Benjamin Franklin’s Mother

Everyone knows Benjamin Franklin – one of the Founding Fathers of the United States as well as a popular author, printer, scientist, and diplomat. Most of what we know about his life before becoming the sixth president of the Supreme Executive Council of Pennsylvania comes from his own account in his autobiography. However, there is one significant figure in Franklin’s life who is often left out of the story: his mother.

Early Life

Abiah Lee Folger (1667-1752) was born in Nantucket, Massachusetts on August 15, 1667 to Peter and Mary Morrell Folger. Her father was a miller and schoolteacher. Peter’s parents were reformist Flemish Protestants who fled to America to escape religious persecution in 1635. Later, he converted to Baptist Christianity. As such, Abiah was raised as a Baptist.

Her mother, Mary, also flees from England on the same ship as Peter’s family. At that time, Mary was working as an indentured servant for Rev. Hugh Peters and his family. Peter paid off Mary’s indenture, and the two were married soon after. She was the youngest of ten siblings and grew up in a religious household.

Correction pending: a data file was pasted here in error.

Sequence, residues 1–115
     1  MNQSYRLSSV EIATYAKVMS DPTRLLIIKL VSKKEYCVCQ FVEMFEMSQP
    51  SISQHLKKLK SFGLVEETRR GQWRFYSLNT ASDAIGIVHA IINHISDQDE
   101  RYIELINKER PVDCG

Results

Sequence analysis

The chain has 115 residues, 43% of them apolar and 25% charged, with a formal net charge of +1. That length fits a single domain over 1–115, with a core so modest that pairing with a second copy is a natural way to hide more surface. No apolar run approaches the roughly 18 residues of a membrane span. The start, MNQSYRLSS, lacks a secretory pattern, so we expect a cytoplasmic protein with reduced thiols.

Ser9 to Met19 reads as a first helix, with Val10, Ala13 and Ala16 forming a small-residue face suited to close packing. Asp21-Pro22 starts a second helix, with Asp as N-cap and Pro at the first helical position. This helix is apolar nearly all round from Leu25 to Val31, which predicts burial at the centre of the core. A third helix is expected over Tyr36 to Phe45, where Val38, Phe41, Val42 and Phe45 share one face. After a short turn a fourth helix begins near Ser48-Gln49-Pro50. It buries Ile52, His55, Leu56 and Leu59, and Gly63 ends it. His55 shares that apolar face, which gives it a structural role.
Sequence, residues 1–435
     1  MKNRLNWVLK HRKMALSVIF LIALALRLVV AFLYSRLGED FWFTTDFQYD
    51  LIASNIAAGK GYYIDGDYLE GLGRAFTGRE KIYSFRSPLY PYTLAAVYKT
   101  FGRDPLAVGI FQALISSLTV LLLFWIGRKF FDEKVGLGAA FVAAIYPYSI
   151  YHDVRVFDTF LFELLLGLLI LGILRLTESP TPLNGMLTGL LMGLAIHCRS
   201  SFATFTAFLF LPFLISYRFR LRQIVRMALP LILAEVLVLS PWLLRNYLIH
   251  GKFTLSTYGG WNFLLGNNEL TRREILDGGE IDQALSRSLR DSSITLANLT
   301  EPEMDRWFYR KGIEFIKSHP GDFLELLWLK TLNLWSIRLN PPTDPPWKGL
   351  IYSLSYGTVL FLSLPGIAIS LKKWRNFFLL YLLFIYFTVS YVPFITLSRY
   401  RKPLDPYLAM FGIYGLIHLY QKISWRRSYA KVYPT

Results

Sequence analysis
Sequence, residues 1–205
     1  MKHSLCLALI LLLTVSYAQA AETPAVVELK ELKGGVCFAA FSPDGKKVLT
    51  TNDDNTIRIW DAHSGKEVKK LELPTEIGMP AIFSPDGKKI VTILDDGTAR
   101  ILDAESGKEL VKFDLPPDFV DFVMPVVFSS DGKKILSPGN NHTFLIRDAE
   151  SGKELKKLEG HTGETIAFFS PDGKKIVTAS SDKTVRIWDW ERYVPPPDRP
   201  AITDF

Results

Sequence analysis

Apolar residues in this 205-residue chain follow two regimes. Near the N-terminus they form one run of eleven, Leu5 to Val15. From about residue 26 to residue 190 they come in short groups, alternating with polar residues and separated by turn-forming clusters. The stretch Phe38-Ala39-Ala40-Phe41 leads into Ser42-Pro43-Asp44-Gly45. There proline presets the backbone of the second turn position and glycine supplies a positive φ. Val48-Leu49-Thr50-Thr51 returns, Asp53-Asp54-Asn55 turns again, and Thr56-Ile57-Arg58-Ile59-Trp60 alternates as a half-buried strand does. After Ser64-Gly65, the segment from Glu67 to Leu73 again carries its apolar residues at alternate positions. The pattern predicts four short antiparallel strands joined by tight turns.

Married Life

When she was 21 years old, she moved from Nantucket to Boston to live with her married sister. It was in Boston that she met widower Josiah Franklin, a soap and candlemaker. They got married on July 9, 1689, in the Old South Meeting House, a congregational church, by Rev. Samuel Willard. The couple went on to have 10 children together:

1. John Franklin (born 1690)

2. Peter Franklin (born 1692)

3. Mary Franklin (born 1694)

4. James Franklin (born 1696)

5. Sarah Franklin (born 1699)

6. Ebenezer Franklin (born 1701)

7. A son who died young (born 1703)

8. Benjamin Franklin (born 1706)

9. Lydia Franklin (born 1708)

10. Jane Franklin (born 1712)

She supported her son Benjamin’s career aspirations but was not actively involved in politics herself. Not much is known about her personality or hobbies but according to Benjamin’s autobiography, Abiah was “a discreet and virtuous woman” who was “diligent in the discharge of her domestic duties” and “a good neighbor.”